TOKYO (AP) — A Japanese utility sought government approval Monday to restart two nuclear reactors even though some key upgrades to prevent another nuclear crisis will take three years.

All but one of Japan's 54 reactors are offline for regular safety checks, and the last will be shut down in May. Residents fear another disaster like the Fukushima crisis, but Japan faces a severe power shortage if reactors are not restarted.

The government issued new safety guidelines to address residents' worries, but it gave no deadline for when the improvements must be finished. Utility officials say the full upgrades will take three years.

Kansai Electric Power Co. submitted its safety plans for two reactors at the Ohi plant in Fukui prefecture, and the government's final decision on whether to restart the reactors is reportedly expected later this week.

"We'll aim to achieve the world's top-class safety at our plants," said Kansai Electric President Makoto Yagi as he handed the safety improvement roadmap to Economy and Industry Minister Yukio Edano.

However, more than one third of the necessary upgrades on the list are still incomplete, utility officials said.

Filtered vents that could substantially reduce radiation leaks in case of an accident threatening an explosion, a radiation-free crisis management building, and fences to block debris washed up by a tsunami won't be ready until 2015. This means the plant, as well as plant workers and residents, won't be fully protected from radiation leaks if a Fukushima-level accident occurs while the measures are being taken.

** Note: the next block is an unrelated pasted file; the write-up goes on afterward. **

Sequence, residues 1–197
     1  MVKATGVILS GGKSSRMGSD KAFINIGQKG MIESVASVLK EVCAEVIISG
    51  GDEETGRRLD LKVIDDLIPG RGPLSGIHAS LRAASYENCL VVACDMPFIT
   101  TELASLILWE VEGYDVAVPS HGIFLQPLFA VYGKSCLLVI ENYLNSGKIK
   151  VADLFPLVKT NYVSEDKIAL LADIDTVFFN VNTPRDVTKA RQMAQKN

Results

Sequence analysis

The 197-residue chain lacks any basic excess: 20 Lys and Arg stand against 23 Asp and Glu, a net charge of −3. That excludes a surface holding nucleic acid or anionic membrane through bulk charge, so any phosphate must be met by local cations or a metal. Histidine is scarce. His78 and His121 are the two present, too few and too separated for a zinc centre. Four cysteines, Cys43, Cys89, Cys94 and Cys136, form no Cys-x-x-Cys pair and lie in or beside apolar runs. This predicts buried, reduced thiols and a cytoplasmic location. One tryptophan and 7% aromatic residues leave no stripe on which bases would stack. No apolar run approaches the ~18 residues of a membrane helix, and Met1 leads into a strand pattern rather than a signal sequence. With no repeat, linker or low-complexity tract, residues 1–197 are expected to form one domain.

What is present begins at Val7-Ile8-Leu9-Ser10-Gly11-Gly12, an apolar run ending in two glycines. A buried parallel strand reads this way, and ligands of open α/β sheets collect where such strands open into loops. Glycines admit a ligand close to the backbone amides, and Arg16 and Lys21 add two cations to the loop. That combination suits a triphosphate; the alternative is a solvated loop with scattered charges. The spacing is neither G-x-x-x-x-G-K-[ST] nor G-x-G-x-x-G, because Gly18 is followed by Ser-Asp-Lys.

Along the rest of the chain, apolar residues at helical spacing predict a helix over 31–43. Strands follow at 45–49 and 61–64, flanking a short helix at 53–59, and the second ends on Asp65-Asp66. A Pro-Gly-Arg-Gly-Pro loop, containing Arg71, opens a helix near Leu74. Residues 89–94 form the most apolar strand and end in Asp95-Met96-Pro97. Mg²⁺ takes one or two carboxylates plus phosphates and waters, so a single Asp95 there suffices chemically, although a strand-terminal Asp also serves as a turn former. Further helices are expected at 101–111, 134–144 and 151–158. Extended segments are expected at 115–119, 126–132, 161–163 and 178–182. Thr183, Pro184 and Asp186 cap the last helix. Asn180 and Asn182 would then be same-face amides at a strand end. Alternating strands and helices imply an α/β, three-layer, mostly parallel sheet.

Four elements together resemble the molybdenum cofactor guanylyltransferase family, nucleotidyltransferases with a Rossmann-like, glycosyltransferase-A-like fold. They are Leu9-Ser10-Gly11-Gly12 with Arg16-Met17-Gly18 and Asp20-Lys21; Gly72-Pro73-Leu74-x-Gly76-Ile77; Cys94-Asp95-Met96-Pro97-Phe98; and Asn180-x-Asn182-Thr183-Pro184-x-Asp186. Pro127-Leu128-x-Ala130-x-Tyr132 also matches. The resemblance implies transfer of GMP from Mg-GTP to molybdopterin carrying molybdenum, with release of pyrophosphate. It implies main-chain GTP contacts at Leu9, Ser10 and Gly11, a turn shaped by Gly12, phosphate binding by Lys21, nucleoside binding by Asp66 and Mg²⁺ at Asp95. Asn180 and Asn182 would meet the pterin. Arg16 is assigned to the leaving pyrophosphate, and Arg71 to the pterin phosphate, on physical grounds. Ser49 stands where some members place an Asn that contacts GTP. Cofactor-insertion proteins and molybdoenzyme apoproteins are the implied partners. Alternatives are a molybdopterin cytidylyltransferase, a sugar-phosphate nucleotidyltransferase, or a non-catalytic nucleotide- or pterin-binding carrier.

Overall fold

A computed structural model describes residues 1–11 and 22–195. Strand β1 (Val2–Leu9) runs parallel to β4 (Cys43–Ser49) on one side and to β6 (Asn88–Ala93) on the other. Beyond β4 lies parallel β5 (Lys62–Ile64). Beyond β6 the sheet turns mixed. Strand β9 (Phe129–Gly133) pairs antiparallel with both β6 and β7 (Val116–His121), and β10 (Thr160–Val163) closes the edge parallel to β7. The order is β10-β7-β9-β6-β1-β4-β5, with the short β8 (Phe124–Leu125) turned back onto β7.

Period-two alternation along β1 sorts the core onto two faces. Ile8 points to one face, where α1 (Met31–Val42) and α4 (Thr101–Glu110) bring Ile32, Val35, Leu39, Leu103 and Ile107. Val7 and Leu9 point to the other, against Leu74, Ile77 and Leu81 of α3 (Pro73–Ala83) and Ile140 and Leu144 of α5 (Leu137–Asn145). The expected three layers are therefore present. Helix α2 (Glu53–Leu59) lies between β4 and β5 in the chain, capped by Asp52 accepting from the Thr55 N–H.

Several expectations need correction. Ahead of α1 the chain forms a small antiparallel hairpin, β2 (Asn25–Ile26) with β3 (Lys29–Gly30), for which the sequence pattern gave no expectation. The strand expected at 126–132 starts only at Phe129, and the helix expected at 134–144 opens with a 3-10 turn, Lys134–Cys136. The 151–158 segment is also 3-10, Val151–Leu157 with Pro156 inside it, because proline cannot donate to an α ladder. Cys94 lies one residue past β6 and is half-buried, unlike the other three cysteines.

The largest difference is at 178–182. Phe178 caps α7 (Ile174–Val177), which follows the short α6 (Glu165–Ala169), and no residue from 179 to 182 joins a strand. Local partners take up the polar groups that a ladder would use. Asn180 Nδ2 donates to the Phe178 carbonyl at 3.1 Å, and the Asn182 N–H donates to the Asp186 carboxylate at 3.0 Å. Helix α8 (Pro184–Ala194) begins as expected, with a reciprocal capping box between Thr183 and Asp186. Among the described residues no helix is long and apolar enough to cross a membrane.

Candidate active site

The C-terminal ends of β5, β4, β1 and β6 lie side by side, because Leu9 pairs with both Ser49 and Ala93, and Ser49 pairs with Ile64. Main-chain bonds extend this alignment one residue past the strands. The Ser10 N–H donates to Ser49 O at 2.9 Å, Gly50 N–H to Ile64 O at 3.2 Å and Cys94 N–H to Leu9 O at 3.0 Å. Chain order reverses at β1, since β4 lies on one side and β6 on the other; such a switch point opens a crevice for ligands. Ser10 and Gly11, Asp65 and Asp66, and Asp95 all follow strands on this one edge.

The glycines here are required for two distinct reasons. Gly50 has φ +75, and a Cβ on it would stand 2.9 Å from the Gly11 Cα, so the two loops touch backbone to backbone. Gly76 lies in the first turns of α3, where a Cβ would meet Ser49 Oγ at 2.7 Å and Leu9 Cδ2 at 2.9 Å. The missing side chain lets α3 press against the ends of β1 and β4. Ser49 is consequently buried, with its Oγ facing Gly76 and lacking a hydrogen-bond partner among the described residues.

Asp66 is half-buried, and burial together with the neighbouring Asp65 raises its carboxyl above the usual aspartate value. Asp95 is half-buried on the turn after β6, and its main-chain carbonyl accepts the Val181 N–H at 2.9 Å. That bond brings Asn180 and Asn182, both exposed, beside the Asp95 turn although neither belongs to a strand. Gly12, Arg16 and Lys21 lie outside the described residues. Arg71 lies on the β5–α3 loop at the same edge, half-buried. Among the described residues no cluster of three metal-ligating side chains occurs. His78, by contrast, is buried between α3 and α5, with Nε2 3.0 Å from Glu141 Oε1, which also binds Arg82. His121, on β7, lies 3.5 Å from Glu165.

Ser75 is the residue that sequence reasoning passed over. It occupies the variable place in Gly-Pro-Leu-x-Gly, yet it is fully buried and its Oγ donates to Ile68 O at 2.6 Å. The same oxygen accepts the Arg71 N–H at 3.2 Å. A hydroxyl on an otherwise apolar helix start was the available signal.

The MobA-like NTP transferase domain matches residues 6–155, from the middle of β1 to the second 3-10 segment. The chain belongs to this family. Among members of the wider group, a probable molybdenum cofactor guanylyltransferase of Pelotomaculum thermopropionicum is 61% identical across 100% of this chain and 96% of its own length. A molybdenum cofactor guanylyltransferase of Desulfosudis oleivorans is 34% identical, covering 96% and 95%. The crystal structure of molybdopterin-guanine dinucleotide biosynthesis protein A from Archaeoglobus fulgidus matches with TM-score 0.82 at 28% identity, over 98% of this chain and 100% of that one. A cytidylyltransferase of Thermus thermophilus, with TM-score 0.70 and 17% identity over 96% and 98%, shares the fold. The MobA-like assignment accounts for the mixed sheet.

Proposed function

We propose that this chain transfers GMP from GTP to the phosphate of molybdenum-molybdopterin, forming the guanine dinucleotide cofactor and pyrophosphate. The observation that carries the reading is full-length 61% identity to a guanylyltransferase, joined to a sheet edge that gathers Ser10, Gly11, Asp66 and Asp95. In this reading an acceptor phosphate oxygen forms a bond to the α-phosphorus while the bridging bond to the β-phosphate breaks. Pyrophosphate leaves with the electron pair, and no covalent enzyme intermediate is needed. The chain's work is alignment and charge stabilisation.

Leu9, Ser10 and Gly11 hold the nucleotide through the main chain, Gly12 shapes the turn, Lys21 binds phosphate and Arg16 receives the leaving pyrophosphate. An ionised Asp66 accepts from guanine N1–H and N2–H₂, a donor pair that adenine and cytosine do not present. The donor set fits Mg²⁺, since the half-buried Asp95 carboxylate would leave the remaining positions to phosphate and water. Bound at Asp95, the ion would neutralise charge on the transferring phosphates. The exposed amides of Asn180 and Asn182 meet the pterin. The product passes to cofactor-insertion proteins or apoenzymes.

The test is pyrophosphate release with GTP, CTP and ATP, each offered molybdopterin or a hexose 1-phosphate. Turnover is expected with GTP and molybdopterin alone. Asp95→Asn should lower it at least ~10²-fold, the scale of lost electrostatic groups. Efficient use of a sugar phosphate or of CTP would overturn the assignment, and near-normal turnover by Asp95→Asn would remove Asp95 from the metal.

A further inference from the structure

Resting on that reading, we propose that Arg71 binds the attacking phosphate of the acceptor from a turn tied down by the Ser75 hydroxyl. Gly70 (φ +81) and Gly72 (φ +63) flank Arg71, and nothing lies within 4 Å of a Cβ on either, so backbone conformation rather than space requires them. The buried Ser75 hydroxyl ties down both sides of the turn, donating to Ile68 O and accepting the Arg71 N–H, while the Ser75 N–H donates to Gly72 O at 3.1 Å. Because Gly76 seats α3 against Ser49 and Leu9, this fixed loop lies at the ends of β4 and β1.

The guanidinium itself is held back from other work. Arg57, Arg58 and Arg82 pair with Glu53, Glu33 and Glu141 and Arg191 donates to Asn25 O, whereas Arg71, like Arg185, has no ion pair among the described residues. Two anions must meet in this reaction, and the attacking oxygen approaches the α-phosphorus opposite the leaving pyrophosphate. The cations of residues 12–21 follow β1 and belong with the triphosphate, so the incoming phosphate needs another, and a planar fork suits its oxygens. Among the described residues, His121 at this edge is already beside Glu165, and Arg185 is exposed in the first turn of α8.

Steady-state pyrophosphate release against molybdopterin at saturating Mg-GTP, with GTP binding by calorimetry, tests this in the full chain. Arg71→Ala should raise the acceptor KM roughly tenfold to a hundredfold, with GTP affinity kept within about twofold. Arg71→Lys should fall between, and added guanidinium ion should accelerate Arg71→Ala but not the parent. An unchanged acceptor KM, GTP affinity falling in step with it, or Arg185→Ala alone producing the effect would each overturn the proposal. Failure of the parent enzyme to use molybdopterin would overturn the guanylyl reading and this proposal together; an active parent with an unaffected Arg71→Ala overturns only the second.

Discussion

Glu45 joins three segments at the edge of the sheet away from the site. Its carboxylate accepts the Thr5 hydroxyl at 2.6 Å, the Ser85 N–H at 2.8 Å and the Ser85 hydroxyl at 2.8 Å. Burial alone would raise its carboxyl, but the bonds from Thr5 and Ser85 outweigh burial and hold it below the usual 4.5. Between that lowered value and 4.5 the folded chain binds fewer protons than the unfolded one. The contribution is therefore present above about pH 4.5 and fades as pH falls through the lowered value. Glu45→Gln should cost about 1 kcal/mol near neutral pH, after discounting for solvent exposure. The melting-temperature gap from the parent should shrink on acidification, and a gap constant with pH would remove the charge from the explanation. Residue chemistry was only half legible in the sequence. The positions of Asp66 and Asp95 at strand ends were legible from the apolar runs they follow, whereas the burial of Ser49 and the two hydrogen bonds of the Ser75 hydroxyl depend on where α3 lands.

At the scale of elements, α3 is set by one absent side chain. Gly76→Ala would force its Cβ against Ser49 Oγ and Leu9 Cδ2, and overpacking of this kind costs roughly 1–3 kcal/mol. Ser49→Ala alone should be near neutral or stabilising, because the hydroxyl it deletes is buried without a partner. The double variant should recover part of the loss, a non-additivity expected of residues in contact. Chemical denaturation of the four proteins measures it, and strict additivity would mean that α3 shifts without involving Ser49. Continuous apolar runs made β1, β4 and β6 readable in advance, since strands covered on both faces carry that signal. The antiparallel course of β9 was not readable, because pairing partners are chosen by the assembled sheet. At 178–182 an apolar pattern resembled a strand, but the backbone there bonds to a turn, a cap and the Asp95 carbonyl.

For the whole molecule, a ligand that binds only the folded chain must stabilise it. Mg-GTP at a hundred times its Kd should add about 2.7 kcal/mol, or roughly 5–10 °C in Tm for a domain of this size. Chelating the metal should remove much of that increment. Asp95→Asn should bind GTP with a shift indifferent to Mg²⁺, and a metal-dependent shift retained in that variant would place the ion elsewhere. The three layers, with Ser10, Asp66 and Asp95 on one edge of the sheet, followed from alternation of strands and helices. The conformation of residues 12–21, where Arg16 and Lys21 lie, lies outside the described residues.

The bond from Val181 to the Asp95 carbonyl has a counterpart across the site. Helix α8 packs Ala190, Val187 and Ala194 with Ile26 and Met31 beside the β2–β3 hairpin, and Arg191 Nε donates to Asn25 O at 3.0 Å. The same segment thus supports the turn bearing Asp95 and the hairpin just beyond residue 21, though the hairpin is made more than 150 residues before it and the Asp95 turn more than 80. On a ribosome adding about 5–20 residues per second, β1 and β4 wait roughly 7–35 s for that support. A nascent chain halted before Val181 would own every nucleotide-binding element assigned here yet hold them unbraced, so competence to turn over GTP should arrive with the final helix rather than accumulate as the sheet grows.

Currently, the crisis management headquarters at the Ohi plant is in the basement, which would be flooded in case of a major tsunami, Kansai Electric officials said. The plant is relocating the function to a room next to the control room for the two reactors.

The Fukushima Dai-ichi completed a similar building at a slightly elevated area on the complex just a year before the disasters — though it was meant for quakes. It was the key crisis management center after surviving the March 11, 2011, tsunami that washed into the plant, destroying the plant's power and cooling systems, causing three reactor cores to melt. Plant officials have said the building was key to their survival.

None of Japan's 54 nuclear reactors are equipped with filtered vents, although their operators are moving to install them in coming years.

"The operators are expected to take initiative to improve safety and reliability, and never dwell on the safety myth," Edano told Yagi, urging the utility to expedite the process.

Ohi town mayor Shinobu Tokioka called the roadmap a "step forward," but urged the central government and nuclear regulators to carefully review the reactors' safety.

The startup guidelines are based on recommendations adopted last month by the Nuclear and Industrial Safety Agency. The most crucial measures to secure cooling functions and prevent meltdowns as in Fukushima were incorporated in the government's guidelines, but the rest were not.

Some experts said a resumption without these key protections would leave the plant vulnerable.

Tadahiro Katsuta, a Meiji University associate professor who was on a government panel that produced nuclear safety recommendations, said the upgrades completed are "mostly quick-fix measures," and that more important ones, such as a crisis management center, have been put off.

"I doubt if this would suffice to carry out the lessons from Fukushima in the case of another accident," Katsuta told public broadcaster NHK.